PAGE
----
House Bill 7 (HB 7) would introduce many new barriers to the Supplemental Nutrition Assistance Program (SNAP) and Medicaid, resulting in tens to hundreds of thousands of fewer Kentuckians receiving food and medical assistance, many of whom would remain eligible but get tripped up in complex new rules and requirements. This would be devastating for not only those Kentuckians and their families, but also the state’s budget and economy. A new estimate from the state’s Cabinet for Health and Family Services (CHFS) is that administering the bill’s complex changes will cost $255 million, burdening already overworked staff and taking money that could be invested in real needs.
In addition, SNAP and Medicaid pump nearly $16 billion in mostly federal funds into local economies throughout the commonwealth, stimulating additional activity and resulting in more spending and jobs. HB 7’s new barriers to food and medical assistance will significantly reduce the economic benefit of those programs, increasing hardship and leading to fewer jobs in economically distressed areas.
The administrative costs of creating and maintaining HB 7’s barriers would be extreme
All of HB 7’s new barriers and requirements come with a price tag. CHFS put together a fiscal impact estimate for many of them based on the introduced version of the bill. When adding up their estimates for only the parts that relate to the current version, the cost remains staggering — $255 million, mostly in ongoing costs. The largest share of that cost is related to the ill-fated Medicaid work reporting requirement, but another large portion of the cost comes from the need to double the CHFS casework staff. These costs would mostly have to come from the state General Fund, setting up a scenario where we spend hundreds of millions each year with state funds in order to prevent hundreds of millions per year in federal funds from coming to Kentucky, as described below.
HB 7 includes multiple barriers to SNAP that will reduce federal spending in Kentucky
To participate in SNAP, individuals must have net incomes below the poverty line, which is $27,750 for a family of 4, for example. There are no exceptions to that income limit. However, HB 7 adds several other conditions for eligibility on top of that: a work reporting requirement regardless of how bad the job market is in your county, the requirement that participants frequently and rapidly report any changes to their life (like income, household size, address changes, etc.) and a requirement that parents who are owed child support help locate the parent who owes it.
The Cabinet for Health and Family Services (CHFS) estimates that the cumulative effect of these new requirements and eligibility changes would lead to as much as $104 million less in SNAP benefits coming to the state each year. The United States Department of Agriculture (USDA), which administers SNAP, estimates that for every $1 billion spent on SNAP, $1.54 billion is generated in the broader economy and 13,560 jobs are supported. Last year, SNAP benefits spent on groceries were valued at $1.6 billion, with the impact of SNAP more pronounced in economically distressed areas. As the map below suggests, the harms of new barriers to SNAP will also be concentrated in these regions of the state.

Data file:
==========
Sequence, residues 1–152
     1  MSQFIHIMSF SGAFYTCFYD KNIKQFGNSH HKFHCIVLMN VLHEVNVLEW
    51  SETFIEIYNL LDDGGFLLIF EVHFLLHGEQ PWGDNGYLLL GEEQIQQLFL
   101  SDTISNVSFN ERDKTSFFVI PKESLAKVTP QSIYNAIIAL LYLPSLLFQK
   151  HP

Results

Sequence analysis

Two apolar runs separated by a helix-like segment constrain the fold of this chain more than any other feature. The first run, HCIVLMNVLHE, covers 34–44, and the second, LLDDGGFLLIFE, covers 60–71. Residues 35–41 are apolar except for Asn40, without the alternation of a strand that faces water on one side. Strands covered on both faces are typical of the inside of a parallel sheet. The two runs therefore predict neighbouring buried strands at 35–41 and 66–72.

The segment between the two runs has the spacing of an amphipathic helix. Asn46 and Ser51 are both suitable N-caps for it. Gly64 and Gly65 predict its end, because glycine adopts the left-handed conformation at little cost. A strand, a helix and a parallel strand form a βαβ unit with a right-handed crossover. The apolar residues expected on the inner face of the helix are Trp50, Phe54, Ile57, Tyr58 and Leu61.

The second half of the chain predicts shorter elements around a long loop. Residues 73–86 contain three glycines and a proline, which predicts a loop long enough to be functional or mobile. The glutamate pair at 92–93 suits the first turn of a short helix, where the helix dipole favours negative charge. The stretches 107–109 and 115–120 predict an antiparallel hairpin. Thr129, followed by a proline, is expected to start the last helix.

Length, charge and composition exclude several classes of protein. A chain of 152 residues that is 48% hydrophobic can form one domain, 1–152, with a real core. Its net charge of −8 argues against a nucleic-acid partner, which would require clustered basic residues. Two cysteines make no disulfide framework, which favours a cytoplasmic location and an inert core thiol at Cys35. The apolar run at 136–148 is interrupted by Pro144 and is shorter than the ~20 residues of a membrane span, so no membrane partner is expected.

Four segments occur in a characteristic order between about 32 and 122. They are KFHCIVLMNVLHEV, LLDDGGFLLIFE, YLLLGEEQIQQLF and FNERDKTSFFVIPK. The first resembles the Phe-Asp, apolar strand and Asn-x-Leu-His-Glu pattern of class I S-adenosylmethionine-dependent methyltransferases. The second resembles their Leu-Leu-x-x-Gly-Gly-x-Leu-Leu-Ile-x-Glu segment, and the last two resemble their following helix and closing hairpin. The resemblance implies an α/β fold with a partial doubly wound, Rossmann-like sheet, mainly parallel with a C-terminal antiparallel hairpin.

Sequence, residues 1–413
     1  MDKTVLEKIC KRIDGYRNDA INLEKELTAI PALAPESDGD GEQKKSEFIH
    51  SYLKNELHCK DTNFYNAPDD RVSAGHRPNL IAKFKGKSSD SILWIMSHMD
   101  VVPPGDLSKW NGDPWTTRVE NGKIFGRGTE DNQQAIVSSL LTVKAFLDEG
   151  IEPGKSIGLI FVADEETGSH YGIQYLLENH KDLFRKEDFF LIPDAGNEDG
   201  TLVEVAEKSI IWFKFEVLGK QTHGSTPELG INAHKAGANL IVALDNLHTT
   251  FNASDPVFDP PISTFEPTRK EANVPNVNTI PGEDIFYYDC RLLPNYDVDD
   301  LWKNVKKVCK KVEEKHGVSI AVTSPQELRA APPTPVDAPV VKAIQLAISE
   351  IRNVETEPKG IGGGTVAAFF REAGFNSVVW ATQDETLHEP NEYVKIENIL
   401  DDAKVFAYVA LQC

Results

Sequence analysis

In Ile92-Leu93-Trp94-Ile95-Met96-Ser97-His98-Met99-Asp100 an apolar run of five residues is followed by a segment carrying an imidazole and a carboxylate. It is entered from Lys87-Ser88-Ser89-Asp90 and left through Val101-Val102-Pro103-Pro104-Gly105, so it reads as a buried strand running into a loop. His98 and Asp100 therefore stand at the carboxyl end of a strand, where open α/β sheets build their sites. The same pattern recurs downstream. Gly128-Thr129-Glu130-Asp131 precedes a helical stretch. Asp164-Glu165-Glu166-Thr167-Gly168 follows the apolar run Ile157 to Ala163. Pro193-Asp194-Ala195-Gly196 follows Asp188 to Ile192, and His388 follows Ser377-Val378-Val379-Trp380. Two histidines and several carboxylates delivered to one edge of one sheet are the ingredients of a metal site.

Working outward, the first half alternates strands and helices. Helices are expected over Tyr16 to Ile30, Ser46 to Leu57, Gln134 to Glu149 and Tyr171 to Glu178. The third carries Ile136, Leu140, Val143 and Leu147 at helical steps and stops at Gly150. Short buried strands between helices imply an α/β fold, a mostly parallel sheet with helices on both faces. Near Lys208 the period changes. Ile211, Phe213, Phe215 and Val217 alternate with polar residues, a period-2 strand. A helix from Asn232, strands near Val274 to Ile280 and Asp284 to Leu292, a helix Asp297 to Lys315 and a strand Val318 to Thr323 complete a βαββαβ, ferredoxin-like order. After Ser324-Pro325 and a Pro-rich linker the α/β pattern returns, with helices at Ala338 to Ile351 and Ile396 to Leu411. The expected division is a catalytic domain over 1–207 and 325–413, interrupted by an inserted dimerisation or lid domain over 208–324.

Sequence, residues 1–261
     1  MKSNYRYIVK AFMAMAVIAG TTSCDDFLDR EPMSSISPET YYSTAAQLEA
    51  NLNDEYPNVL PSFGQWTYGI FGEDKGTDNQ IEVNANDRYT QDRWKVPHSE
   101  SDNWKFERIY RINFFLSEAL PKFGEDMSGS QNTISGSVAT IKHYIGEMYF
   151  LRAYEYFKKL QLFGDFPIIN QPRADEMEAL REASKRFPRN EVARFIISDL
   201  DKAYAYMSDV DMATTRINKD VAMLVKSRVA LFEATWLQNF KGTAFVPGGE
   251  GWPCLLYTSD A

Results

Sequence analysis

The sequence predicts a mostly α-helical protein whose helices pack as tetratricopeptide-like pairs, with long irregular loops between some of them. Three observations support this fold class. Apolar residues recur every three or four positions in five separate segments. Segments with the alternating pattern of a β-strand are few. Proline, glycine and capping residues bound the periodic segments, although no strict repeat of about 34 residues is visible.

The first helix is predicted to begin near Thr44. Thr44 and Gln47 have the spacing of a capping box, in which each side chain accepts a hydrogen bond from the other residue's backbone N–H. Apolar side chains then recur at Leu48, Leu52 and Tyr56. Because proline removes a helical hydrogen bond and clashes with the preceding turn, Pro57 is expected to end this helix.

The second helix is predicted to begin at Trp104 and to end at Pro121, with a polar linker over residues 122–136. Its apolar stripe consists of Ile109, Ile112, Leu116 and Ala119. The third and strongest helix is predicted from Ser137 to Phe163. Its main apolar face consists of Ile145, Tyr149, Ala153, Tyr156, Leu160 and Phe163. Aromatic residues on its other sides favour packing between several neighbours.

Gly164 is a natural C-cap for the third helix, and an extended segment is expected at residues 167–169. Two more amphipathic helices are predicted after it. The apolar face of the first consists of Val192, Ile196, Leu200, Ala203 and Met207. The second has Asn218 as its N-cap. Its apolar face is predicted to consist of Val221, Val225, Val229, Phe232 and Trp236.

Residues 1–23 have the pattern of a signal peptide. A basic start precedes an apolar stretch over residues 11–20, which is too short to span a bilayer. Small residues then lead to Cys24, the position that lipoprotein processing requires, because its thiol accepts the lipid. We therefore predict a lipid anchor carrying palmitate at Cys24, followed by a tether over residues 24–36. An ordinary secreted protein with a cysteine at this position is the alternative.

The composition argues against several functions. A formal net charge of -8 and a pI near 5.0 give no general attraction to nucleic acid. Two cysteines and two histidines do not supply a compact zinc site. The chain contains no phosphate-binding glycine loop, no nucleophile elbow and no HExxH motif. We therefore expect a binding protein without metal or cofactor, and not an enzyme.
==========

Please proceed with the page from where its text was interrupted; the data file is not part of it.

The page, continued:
HB 7 includes harmful barriers to Medicaid that will reduce federal spending in Kentucky
Currently, Kentuckians with low incomes who are pregnant, children, disabled and elderly Kentuckians can qualify for traditional Medicaid, and all adults who are at or below 138% of the federal poverty level (a little over $18,754 for an individual) can qualify for expanded Medicaid. HB 7 creates multiple ways Kentuckians could lose Medicaid coverage — like a provision that increases paperwork requirements with tight deadlines, an illegal work reporting requirement that was estimated to kick at least 100,000 people off Medicaid, and measures that could keep people from being covered in an emergency through state-provided, temporary “presumptive eligible” Medicaid.
If 100,000 people lost coverage from just the work reporting requirement, the state would receive approximately $630 million less in federal funds — harming patients, hospitals and local economies alike. But given the many, compounding provisions in HB 7, the number of Kentuckians losing access to Medicaid under the legislation, and the impact on the state’s economy, would likely be much higher. Medicaid is a joint state-federal program, where the federal government paid 81.3% of the cost of the program in 2021, or $11.5 billion of the $14.4 billion spent. Every dollar in spending through Medicaid yields between $1.35 and $1.80 in state economic activity, meaning fewer federal dollars coming in because of new state barriers to Medicaid will have a multiplied negative impact on the economy. As with SNAP, more economically distressed regions will be more negatively impacted by a reduction in Medicaid spending.
There are many reasons why the General Assembly should abandon HB 7. It will leave Kentuckians hungrier, sicker and struggling to gain economic security, harm our economy, and cost state resources that we could pump into child care, college affordability, and other foundations of thriving communities. Spending state money to undercut families’ financial security is both penny and pound foolish, and will have ripple effects throughout the state, costing us jobs and well-being at the same time.